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As fall continues, Fish and Game officials warn of avian flu. Here's how to slow the spread.

Posted at 5:08 PM, Sep 28, 2022
and last updated 2022-09-29 15:38:40-04

TWIN FALLS, Idaho — Fall is known for cooler temperatures, which means migration for many birds.

Avian Influenza was first detected back in April and this was the first year in Idaho it was detected in domestic flocks. In order to combat the spread of this highly contagious fowl killer, Idaho Fish and Game (IDFG) is asking hunters to do their part to slow the spread.

“Even small steps can help slow the rate of spread. It’s in the environment right now. It’s going to be here for a while. We’re expecting an uptick as the weather cools,” said Mike McDonald, regional wildlife manager for IDFG.

Steps like avoiding dead or sick birds in the wild help slow contamination of clothes, equipment, and other ways of spread. Avian flu is passed through bodily fluids. Using protective gloves and field dressing waterfowl in the field are other ways IDFG says can help combat the disease.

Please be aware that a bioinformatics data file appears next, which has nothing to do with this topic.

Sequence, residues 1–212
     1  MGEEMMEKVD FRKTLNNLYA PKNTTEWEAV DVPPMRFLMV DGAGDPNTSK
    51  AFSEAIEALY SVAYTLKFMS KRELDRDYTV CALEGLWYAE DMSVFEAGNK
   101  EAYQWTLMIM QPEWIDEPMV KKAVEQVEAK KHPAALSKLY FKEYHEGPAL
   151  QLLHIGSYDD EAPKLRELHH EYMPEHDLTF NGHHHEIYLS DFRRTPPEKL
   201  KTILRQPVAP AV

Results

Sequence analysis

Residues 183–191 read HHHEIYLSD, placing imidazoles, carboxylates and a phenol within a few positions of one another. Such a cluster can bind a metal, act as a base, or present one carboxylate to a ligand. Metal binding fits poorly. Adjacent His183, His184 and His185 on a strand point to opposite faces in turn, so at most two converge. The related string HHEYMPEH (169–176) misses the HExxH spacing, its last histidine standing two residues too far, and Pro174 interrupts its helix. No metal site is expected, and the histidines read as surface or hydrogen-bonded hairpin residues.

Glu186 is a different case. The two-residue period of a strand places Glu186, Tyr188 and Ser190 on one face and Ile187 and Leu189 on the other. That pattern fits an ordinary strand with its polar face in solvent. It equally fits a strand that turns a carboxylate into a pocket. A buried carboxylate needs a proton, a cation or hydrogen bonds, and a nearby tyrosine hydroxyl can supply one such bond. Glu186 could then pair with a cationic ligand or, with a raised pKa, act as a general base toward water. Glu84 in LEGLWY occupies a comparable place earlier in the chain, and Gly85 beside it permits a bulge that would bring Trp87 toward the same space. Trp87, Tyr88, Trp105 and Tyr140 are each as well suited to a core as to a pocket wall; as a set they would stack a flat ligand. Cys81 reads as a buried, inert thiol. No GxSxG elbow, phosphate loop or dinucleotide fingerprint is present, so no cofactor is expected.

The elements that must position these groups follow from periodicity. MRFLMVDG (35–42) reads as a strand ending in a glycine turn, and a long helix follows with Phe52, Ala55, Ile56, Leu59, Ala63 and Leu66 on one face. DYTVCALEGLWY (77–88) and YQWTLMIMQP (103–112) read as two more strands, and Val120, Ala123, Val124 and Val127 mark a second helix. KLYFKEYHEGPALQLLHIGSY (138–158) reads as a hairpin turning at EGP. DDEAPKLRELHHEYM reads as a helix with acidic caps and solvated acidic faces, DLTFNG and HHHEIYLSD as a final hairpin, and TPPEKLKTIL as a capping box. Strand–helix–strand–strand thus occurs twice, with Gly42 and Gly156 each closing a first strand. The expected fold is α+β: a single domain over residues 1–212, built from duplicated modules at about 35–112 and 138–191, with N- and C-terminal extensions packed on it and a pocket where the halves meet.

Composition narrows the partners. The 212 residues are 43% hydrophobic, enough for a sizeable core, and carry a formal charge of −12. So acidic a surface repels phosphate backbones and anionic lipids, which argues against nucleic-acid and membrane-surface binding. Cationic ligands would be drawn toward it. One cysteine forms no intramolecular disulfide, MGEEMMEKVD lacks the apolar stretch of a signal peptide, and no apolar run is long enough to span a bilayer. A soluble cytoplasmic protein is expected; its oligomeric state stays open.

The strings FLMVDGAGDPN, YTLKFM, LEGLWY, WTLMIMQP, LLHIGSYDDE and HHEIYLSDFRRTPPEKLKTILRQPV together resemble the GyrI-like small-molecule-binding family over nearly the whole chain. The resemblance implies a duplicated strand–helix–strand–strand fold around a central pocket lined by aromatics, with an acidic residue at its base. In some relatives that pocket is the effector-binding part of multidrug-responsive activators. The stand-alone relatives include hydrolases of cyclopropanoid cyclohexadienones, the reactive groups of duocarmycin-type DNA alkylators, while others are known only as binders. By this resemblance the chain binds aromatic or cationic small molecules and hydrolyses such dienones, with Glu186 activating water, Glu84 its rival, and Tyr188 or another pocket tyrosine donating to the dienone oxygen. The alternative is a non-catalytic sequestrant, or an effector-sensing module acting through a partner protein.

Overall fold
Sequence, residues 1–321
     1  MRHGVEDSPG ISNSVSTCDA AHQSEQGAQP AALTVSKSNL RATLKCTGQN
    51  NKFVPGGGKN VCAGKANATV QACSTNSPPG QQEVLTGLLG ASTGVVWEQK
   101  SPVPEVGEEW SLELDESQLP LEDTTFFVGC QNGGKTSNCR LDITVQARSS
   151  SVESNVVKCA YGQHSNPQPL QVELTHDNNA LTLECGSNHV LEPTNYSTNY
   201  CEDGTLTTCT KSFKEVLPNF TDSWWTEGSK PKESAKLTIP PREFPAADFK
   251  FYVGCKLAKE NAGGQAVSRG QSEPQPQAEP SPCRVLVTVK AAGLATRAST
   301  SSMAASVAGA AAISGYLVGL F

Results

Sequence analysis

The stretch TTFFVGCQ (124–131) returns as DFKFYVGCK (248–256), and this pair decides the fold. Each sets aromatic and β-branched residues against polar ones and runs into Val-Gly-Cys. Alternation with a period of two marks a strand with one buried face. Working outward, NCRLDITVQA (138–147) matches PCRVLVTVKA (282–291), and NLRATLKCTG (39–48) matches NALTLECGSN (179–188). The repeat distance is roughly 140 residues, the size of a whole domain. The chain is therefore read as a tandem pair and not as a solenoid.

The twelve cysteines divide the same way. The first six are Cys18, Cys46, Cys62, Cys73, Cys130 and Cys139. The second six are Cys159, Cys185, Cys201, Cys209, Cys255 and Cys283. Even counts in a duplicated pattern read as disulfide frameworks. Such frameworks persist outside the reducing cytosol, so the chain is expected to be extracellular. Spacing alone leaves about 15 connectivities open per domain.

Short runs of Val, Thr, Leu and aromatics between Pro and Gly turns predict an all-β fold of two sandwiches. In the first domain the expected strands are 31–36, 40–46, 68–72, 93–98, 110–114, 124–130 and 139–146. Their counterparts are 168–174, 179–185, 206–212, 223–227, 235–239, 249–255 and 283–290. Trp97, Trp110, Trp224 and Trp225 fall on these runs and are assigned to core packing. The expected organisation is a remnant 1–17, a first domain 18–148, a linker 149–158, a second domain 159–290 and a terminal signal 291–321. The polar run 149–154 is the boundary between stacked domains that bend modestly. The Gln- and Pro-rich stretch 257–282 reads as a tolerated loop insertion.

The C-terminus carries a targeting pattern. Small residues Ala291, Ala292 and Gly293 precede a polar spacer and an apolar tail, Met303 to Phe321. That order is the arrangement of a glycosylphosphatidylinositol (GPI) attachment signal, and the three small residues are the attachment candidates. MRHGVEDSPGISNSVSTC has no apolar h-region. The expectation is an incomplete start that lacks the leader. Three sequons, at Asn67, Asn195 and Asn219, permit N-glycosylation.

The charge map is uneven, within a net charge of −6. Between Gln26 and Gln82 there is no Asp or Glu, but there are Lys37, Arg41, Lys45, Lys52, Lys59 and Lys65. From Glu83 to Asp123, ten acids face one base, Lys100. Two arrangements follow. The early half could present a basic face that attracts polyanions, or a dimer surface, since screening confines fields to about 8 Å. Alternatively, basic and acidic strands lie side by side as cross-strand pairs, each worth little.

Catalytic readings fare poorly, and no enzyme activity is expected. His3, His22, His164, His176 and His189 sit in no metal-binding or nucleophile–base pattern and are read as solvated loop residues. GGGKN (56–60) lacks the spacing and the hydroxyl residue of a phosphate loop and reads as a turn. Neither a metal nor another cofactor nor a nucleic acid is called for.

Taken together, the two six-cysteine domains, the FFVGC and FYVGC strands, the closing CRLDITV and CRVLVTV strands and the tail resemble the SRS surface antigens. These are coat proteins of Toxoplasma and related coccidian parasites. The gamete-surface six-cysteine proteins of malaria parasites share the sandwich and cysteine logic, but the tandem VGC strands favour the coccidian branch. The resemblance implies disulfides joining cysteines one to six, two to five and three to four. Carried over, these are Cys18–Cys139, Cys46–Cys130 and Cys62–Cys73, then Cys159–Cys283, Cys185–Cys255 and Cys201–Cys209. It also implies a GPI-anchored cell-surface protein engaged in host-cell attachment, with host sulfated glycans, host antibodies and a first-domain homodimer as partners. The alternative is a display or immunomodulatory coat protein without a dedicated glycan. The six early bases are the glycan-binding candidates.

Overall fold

“We have not had high path avian influenza in Idaho before in domestic birds so there have been outbreaks in the U.S. previous to this but they were focused farther east and you just haven't seen that in Idaho,” said Chanel Tewalt, deputy director at the Idaho State Department or Agriculture (ISDA).

Concern is raised because of this first time detection in domestic birds and ISDA doesn't take this occurrence lightly.

“It is a highly contagious disease which is why you will see a very rapid regulatory response from our agency and that is what you see across the nation among all states and across USDA as well,” said Tewalt.

Fish and Game want to make every precaution so this disease doesn't make it to poultry farms. Avian flu is highly contagious and fatal in birds making it hard to recover flocks once the flu is detected.

“It’s extremely fatal if it gets into facilities like that so anything we can do to contain this virus, prevent further spread will be good for all,” said McDonald.

For more information on best practice while bird hunting, click here. For updates on detection in Idaho, click here.